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Rockies Reporter Kelsey Wingert On The Upswing After Taking 95mph Line Drive To The Face

It was a scary scene on Monday night after a foul line drive whipped into the Rockies' dugout at 95mph. Not going to show it, but in this video you can hear that right away everyone knew something was wrong... Always a gut wrenching feeling. 

One of the announcers asks, "Kelsey, you ok?," referring to Rockies' reporter Kelsey Wingert. She was, in fact, very much not ok.

Thankfully as of yesterday there was good news:


What a relief that once the pain of the injury is finally gone, the worst thing she'll have to deal with is endless Harry Potter references. (I, myself, had to hold back from putting The Girl Who Lived! in the headline. Too soon & very glad it wasn't worse.)

Worth noting, this is actually the second time she's been injured by a foul ball: 

On March 30, 2018 while working for Fox Sports South, Wingert suffered a fractured right eye socket when struck by a foul ball during a game between the Atlanta Braves and Philadelphia Phillies.

Wingert, then covering the Braves, was briefly hospitalized after being hit by the foul ball off the bat of Odubel Herrera of the Phillies in the seventh inning. She was standing in the camera well on the first-base side at Atlanta’s SunTrust Park when Herrera’s sharp bouncing grounder hit her in the face.

The Braves added additional netting after that incident.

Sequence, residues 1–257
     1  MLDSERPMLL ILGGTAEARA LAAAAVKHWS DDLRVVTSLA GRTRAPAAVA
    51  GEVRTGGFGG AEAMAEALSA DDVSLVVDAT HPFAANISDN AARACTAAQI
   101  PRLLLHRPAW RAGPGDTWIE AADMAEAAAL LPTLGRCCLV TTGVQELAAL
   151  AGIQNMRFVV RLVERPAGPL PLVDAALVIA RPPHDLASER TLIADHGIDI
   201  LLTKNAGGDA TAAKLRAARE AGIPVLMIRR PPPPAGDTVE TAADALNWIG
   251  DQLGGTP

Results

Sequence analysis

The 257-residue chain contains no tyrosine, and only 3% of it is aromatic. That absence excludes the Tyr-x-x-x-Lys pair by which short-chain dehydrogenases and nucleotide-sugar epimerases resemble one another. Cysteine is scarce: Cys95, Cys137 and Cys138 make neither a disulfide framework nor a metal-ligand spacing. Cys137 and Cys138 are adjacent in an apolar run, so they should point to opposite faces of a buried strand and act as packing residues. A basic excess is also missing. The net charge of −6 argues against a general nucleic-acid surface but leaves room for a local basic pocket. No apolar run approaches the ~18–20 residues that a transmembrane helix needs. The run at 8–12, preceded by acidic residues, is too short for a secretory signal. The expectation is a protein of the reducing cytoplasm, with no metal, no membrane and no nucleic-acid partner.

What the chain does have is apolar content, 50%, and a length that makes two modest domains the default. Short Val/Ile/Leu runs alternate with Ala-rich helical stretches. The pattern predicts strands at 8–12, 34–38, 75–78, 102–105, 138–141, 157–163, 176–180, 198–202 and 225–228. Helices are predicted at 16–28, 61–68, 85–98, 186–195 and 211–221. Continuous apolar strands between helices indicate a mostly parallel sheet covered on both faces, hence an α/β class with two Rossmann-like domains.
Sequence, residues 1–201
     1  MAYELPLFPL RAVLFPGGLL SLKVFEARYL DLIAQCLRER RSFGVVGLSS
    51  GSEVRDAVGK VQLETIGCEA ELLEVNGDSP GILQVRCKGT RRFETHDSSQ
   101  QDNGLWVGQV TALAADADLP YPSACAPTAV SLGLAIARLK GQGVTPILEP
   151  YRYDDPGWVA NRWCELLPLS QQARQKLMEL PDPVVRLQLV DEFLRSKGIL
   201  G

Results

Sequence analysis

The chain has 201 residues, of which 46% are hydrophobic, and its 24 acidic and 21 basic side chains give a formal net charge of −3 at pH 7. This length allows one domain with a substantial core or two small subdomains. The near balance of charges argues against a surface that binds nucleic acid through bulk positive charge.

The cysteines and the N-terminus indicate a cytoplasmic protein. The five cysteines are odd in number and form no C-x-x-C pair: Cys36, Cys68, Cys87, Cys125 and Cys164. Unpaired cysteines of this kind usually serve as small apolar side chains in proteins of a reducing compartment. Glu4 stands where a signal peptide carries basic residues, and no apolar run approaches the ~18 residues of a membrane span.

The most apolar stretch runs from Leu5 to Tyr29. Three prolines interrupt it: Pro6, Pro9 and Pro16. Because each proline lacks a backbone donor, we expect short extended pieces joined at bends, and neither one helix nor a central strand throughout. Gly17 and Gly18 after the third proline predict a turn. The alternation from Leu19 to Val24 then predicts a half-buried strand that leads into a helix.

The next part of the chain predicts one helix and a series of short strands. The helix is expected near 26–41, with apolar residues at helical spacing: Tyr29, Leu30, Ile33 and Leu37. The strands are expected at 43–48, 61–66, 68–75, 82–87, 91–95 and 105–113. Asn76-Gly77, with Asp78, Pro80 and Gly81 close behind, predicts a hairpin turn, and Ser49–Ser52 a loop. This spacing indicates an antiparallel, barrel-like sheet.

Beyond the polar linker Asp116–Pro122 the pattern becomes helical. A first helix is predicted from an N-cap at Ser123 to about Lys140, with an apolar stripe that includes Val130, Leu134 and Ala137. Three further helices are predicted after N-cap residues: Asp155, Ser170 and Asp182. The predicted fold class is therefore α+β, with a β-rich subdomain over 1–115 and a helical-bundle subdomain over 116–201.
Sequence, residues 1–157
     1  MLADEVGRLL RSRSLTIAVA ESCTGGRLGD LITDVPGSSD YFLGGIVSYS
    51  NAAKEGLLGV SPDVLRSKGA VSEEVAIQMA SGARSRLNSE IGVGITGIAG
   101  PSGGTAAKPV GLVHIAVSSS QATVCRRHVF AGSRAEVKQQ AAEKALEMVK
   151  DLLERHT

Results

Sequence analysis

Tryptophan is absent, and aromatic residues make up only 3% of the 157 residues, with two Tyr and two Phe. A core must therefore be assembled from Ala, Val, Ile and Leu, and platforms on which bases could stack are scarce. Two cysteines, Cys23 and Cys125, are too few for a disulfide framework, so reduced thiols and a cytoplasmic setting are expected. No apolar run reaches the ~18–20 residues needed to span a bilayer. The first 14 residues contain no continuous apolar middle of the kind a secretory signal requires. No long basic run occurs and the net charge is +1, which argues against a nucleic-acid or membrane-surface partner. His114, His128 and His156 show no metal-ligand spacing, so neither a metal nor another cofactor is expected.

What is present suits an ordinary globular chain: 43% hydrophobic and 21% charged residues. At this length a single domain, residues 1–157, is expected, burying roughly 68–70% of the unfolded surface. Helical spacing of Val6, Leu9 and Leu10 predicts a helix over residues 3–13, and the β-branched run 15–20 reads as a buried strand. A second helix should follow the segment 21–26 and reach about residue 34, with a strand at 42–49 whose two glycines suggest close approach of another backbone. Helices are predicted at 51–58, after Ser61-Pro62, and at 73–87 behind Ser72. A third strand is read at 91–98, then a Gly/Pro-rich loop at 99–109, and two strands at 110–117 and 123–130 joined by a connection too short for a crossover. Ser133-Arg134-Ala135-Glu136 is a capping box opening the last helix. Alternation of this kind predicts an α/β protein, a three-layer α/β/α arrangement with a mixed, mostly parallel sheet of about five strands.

In either instance no one could blame anyone for falling to the ground & crying in pain, as I'd imagine pretty much anything hitting you at 95mph does not feel great, but both times she remained calm. Tough as Hell. And she's not alone, just head to Google and lookup "sideline reporter + injuries" and you'll get hundreds of results. It's a risky gig in pretty much any sport. (No shit, Kate.)

It can be dangerous for the fans, too. Others in the comments on her recent post began sharing their own sidelines injuries and whew…



In closing, Buzzkill Kate here with some sobering info. An NBC News investigation has some crazy stats about fan injuries at games, and Sports Illustrated did a fascinating article about the Baseball Rule, which many say is way outdated now. For over a century that rule has given MLB team owners immunity 'from lawsuits filed against them for foul-ball injuries'. It's left a lot of fans (and/or their families) in the lurch with huge hospital bills while they learn to cope with permanent injuries or worse. Not great. 

I think it's easy to say, "Ugh, whatever, people know the risks when they go to a game." But I bet anyone who says that would feel very differently if they had a loved one in that situation. And I feel like the folks over at Big Netting could hone their netting technology until it's basically invisible if the MLB gave 'em a little funding to do as such. (MLB is worth an estimated $2.07B altogether, so I believe it's a fixable issue.) As for reporters, I feel like there's not much they can do. Joel Embiid masks for everyone? Lil' helmets?? Whatever the case there's no doubt we'll be seeing Wingert back out there soon.